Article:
17 December 2015

Coloring Hearts: Coming Full Circle

It is said that what we are drawn to in our childhood is what we are meant to do in that life. My earliest memories involve color and creativity. My first foray into art was at the tender age of 3 when I redecorated my cousin's room with spray paint. Nothing in my cousin's room was spared-- even my cousin's dog Benji was part of the "Installation in Army Green". Spray painting his dog proved to be a misstep for me because when Benji returned to the kitchen with army green lowlights, it tipped off my father and uncle, who were fully engrossed in their cribbage game, that something was transpiring elsewhere in the house. As a result, work on my first objet d'art came to an abrupt end. After that fateful day, in order to keep tabs on me my father would draw hearts of various sizes on paper for me to color at the table. It was a win-win for everyone because my father and uncle could play their cribbage game and I could explore and experiment with colors. It's also one of the few fond memories I have with my father. Despite my predilections to art and taking art classes throughout elementary, middle, and high school, I was never convinced that I had any talent and often struggled to complete projects. Along the way, I strayed away from art.

As I've explored in previous posts, my return to creating art was slow. After all, the time span of the previous posts was almost 7 years. That's how long it took me to understand that an artist was inside of me screaming to be heard. It took a traumatic event to really push me in this direction and the turning point came 6 months later in April of this year when I set out to dye Easter Eggs with natural ingredients. After the mild success I had dyeing eggs the previous year, this year I prepared for the event and put forth the effort to yield greater results. I began the process on Friday night and by Sunday morning I felt like a kid on Christmas morning. As soon as I woke up, I bolted to the kitchen to begin unwrapping the eggs. I dyed 16 eggs thinking that if I were lucky I would end up with 8 good eggs. Much to my surprise, not only did all 16 eggs turn out well, they were beautiful. After drying them, placing them in a tray, and stepping back to look at what I had created, I did something I didn't expect to do: I cried. I wasn't crying tears of joy over the outcome, instead I was crying over the fact that it took me until age 38 to believe that I could achieve such an outcome; I was crying for the child and teenager who never believed in himself; I was crying for disregarding the positive comments I had ever received about my talent and for absorbing all of the negative comments and believing them to be true. Through those gentle tears, I released that grief and simultaneously I began to believe in my talent.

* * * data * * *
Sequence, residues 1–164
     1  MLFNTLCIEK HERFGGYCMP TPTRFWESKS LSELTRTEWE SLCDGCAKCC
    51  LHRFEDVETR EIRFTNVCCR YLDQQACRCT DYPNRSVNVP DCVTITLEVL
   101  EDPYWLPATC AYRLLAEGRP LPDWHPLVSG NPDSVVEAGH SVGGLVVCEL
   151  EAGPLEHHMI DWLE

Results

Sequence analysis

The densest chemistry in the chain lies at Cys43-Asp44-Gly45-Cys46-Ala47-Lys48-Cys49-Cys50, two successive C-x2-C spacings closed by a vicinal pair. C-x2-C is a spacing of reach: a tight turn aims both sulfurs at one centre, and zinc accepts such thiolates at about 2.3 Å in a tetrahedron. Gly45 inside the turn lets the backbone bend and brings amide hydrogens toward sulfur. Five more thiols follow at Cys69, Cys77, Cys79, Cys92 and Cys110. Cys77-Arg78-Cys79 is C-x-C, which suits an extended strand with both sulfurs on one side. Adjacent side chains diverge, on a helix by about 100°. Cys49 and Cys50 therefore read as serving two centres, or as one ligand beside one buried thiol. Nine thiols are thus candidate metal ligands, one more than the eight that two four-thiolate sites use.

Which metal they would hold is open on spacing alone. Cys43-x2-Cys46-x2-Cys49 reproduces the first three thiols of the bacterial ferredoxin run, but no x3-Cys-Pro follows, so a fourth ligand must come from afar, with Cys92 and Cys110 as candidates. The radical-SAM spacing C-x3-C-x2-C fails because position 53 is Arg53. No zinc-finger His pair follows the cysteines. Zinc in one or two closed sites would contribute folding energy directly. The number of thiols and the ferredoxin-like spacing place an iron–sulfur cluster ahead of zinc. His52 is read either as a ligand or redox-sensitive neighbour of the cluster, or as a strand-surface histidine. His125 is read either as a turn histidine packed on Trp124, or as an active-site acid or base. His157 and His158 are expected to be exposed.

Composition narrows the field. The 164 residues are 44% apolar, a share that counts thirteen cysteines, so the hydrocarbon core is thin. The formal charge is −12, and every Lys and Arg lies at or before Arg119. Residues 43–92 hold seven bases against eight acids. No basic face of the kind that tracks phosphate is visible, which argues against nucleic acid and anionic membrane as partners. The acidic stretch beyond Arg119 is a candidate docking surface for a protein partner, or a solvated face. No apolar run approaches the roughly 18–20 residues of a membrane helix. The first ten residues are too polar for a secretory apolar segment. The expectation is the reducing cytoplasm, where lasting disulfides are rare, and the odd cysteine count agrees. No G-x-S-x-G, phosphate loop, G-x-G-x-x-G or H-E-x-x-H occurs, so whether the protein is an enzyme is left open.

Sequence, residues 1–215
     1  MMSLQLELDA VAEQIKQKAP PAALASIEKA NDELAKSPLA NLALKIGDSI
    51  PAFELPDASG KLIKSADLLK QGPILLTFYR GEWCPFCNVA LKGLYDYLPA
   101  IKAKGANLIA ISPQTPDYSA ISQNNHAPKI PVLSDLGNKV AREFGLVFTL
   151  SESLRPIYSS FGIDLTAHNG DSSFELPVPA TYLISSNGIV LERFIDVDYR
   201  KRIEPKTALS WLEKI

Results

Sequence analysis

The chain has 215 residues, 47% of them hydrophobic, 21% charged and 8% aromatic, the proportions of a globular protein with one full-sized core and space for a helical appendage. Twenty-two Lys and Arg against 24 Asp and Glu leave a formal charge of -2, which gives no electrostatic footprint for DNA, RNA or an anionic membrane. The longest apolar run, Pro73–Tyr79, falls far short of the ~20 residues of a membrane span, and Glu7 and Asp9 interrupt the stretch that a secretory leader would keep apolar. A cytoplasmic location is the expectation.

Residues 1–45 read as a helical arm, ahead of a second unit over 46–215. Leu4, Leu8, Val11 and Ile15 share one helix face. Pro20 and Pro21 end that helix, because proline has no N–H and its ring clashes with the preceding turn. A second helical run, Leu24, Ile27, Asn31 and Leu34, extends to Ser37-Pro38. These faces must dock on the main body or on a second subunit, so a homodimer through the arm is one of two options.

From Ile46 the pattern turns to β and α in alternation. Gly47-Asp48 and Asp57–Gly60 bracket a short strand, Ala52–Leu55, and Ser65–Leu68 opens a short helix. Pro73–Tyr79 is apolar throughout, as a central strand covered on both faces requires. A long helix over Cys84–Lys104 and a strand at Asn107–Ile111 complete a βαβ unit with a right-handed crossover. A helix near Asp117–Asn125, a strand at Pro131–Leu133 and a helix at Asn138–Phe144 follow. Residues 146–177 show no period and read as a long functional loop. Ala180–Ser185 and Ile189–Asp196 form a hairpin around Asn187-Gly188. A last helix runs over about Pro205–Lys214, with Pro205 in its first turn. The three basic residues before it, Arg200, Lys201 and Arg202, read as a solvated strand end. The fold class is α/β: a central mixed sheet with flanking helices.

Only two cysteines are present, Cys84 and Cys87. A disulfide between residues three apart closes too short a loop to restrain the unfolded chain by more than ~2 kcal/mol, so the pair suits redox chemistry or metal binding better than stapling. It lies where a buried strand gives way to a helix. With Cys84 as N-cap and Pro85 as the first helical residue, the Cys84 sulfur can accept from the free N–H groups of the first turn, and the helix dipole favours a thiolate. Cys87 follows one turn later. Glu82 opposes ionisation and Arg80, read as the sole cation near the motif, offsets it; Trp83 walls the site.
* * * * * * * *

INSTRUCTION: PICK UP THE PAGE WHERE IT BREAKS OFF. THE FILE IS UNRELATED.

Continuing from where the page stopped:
Collaborative work with my nephew
A few days later, my 
4-year-old nephew was at my house for the afternoon. At one point, we brought out the paper and the crayons and without thinking about it, I started drawing hearts for him to color. I explained primary colors and secondary colors to him and we talked about our favorite colors. One by one, he picked out the colors for each heart. It wasn't until we were almost finished that I realized the parallels to my childhood. After we finished, I showed him some of the artwork I was working on and the eggs I had made. When we came back to the paper with the hearts on it, I told him that I colored hearts like that when I was his age. He looked up at me and with a smile he said, "I know because you're so good at it now." I chuckled softly and said, "well thanks, little friend, it has taken me a long time to get here."

The unadulterated mind of a child can reveal the truth if we pay close attention. Their observations are honest and invaluable. Between my nephew's comment and remembering my observations and experiences as a child, I began to decipher the great mystery as I understood that art is my destiny.

All current artwork can be found in my profile at Fine Art AmericaThank you for your time and your support.

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